Murder Mysteries

Some serial killers hint at more, then close the door.

Posted Jun 26, 2019

K. Ramsland
Source: K. Ramsland

Edward Harold Bell, a convicted killer of one, claimed to have murdered 11 more young girls – "the Eleven in Heaven" – but he died in a Texas prison without revealing details. His confession did help locate two bodies, but his statements were inconsistent. If he actually killed more, we might never know.

He’s not the only killer to tease and leave us hanging.

Ted Bundy infamously hinted at many more victims. When Bundy was scheduled for execution in 1989, Detective Bob Keppel was invited to “debrief” him. Bundy admitted to several murders that Keppel wanted to clear up and suggested three more, but resisted telling all. He’d told an FBI agent that he’d killed 30, but told his attorney 35. To a cop, he said it was more than 100. It's unclear when he was manipulating or telling the truth, Now that he’s dead, his victim count has become a guessing game.

A Bundy wannabe, Israel Keyes, tried trading information for a deal. At his arraignment on March 27, 2012, the 34-year-old pleaded not guilty, but little by little, Keyes revealed things. “It was all a mind game with me,” he told detectives. He said he’d reveal the full story of his murders and plead guilty if they would give him a quick execution date. On top of the three for which investigators had solid evidence, Keyes gave numbers between 8 and 12. When he couldn’t get the deal he wanted, he took matters into his own hands. On December 1, 2012, Keyes used a sheet and a razor to kill himself. His other victims, if there actually were any, remain a maddening mystery.

In 1995, Robert Charles Browne pled guilty to the 1991 murder in Colorado of 13-year-old Heather Dawn Church. Five years later, he sent cryptic notes to Texas prosecutors that suggested many more victims could be linked to him: “The score is you 1, the other team, 48.” He admitted he’d been killing since 1970, in nine different states. Because he'd beat by one the record held by Green River Killer Gary Ridgway, Browne’s confession triggered skepticism. So far, investigators have been unable to tie him to anywhere near the number he claimed.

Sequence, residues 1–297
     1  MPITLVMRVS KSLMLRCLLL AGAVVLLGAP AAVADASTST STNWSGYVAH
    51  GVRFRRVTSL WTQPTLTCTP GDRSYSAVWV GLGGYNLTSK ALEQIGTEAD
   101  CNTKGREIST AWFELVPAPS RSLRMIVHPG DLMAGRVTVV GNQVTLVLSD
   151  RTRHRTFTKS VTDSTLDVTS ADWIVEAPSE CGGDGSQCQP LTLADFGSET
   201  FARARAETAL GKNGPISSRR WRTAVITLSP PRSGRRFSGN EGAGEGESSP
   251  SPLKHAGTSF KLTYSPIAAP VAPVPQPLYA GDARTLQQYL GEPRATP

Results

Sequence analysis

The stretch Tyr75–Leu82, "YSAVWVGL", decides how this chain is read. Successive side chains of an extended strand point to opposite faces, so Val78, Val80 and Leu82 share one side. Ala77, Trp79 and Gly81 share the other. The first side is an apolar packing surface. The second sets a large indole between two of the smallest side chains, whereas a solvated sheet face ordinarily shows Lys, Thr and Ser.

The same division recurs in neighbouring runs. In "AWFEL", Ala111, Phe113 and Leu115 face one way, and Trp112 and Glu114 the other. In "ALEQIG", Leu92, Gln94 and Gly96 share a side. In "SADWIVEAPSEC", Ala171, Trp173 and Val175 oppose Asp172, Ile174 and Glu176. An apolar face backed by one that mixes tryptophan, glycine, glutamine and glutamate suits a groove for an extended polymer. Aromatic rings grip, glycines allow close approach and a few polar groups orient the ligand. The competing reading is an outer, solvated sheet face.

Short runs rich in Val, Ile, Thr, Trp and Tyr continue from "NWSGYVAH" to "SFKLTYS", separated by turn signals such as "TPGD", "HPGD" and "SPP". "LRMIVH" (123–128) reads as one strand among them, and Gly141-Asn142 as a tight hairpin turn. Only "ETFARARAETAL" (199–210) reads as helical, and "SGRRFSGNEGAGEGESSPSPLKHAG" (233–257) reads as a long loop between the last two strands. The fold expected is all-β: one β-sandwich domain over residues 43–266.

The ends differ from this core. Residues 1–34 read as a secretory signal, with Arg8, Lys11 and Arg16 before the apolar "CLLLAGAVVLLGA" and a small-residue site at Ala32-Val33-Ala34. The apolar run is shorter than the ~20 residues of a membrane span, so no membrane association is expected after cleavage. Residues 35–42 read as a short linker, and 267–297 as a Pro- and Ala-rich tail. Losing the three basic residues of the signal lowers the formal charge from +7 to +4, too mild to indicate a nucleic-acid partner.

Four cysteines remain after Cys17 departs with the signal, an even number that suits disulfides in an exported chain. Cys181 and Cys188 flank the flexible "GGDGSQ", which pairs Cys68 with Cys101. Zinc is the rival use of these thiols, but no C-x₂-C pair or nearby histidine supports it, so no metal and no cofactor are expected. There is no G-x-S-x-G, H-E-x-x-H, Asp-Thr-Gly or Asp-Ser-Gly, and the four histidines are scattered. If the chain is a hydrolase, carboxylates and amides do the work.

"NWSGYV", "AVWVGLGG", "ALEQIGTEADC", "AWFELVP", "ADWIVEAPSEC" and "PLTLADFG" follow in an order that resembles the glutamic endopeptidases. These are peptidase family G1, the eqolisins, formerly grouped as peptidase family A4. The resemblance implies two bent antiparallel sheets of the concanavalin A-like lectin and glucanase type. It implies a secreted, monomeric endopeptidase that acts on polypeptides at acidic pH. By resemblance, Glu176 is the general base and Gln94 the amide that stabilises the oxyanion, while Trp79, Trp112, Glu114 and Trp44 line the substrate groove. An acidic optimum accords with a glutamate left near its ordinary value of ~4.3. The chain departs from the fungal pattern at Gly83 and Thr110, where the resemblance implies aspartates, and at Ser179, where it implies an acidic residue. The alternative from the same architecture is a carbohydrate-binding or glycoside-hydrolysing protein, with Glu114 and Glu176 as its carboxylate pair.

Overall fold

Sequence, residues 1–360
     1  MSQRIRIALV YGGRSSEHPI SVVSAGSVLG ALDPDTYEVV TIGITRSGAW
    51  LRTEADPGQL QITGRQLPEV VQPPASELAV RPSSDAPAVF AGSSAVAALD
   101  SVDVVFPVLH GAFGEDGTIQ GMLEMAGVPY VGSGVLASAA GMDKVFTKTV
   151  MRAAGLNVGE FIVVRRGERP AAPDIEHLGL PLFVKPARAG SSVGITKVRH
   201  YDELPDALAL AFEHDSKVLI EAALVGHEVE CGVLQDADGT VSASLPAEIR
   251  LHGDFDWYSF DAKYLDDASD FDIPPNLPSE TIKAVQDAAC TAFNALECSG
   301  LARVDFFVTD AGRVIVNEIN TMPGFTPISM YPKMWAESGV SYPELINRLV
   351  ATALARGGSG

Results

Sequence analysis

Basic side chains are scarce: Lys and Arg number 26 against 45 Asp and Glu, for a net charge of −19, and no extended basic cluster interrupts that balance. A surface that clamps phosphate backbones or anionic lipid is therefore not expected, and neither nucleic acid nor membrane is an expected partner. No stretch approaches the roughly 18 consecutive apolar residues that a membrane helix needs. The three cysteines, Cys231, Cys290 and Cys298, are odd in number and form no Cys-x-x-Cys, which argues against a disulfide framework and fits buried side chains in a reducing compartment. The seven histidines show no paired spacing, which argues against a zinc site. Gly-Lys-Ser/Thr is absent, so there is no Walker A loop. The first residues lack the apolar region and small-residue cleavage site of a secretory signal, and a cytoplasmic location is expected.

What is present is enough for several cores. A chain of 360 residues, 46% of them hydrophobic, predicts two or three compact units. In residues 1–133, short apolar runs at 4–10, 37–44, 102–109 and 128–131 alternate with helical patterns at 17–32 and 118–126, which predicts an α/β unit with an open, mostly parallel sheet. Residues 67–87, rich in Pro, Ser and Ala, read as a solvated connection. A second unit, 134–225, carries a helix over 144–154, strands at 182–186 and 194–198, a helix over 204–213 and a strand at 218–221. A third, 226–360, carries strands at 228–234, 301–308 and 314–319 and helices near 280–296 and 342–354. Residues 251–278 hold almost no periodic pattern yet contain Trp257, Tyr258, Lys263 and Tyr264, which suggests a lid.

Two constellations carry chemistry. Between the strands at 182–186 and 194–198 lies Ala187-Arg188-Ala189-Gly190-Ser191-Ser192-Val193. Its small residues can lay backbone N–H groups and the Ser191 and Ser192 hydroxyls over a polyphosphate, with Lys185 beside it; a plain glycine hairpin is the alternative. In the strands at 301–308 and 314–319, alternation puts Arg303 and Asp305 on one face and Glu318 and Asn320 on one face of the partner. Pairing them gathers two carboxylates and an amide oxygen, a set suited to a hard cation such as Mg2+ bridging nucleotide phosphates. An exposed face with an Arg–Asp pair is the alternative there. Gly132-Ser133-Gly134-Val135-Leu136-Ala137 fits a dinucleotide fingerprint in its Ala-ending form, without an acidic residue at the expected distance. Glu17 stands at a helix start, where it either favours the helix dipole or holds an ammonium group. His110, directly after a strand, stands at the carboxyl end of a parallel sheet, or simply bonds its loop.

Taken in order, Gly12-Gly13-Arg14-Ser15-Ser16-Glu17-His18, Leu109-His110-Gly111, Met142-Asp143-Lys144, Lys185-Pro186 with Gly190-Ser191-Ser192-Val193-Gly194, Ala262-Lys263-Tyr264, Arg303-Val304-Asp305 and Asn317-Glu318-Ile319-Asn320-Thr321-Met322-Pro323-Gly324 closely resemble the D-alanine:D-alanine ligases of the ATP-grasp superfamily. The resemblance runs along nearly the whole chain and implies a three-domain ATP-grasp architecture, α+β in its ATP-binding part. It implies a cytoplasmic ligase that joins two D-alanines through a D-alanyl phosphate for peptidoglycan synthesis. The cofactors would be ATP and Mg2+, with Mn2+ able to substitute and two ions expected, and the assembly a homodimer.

After the police arrested Glen Rogers in 1995, wanted in connection with five murders, he took credit for 70, including Nicole Brown Simpson and Ronald Goldman. Then he said he was joking. Convicted in two, he likely has more, but his link to the Simpson double homicide remains controversial.

The most infamous tease was Henry Lee Lucas, arrested in 1983. He confessed, estimating he’d killed 60-100 people, but eventually raised that number to over 350, in 27 states. Lawmen came to Texas to close their open cases. Then he recanted. Soon, he confused everyone by saying he’d been forced to recant. "I set out to break and corrupt any law enforcement officer I could get,” Lucas said. “I think I did a pretty good job." When he died in 2001, the truth went with him, but his conviction in 11 homicides fell far short of what he’d said.

After killing a man in 2013 in Pennsylvania with her new husband, Miranda Barbour claimed she’d participated in the murders of more than 100 people in several states. When no evidence corroborated her admissions, she reduced the number to 22. None panned out. (Now she’s appealing her sentence, saying she can be rehabilitated.)

Psychopathic killers view their victims as objects, useful only as pawns in their game. They’re callous and manipulative, and form agendas from self-interest. What we view as a “confession,” they might view as bait. There’s no particular reason to just trust them.

Former Special Agent Mary Ellen O’Toole, from the FBI’s Behavioral Analysis Unit, interviewed Gary Ridgway, who’d initially confessed to 71 before settling on the official toll of 48 (now 49). “I can’t think of any behavior on its own merit that would indicate that someone is telling the truth or exaggerating,” she said. “It’s not that I wouldn’t believe them, but I’d like to get basic verification first. In my opinion, many of these people have an egotistical need to control and manipulate, and some like to be bigger and badder than the other guy.”

She points out that not only might they lie about committing murders to dupe investigators but might also conceal murders they did commit. “When we look into someone’s range of crimes, we never have the complete picture. We have the page of the book we’ve opened, but we see offenders in the middle of their story. They didn’t just wake up one morning and start killing. They had a period of trial and error that they don’t like to talk about. When they describe the murders they did well, they’re glib, because they think of themselves as big bad killing machines. But they have a problem talking about their initial period of development.”

It’s hazardous to be gullible, especially for investigators hoping to close a case. They might inadvertently reveal details, allowing offenders to play them, and might expend limited resources for nothing in return. However, there are hazards in dismissing these offenders, too—notably that they might stop providing details that can solve actual crimes. To some extent, we can study behavior in past cases to better understand the impetus to brag and manipulate.


Ramsland, K. (2006) Inside the minds of serial killers: Why they kill. Westport, CT: Praeger.

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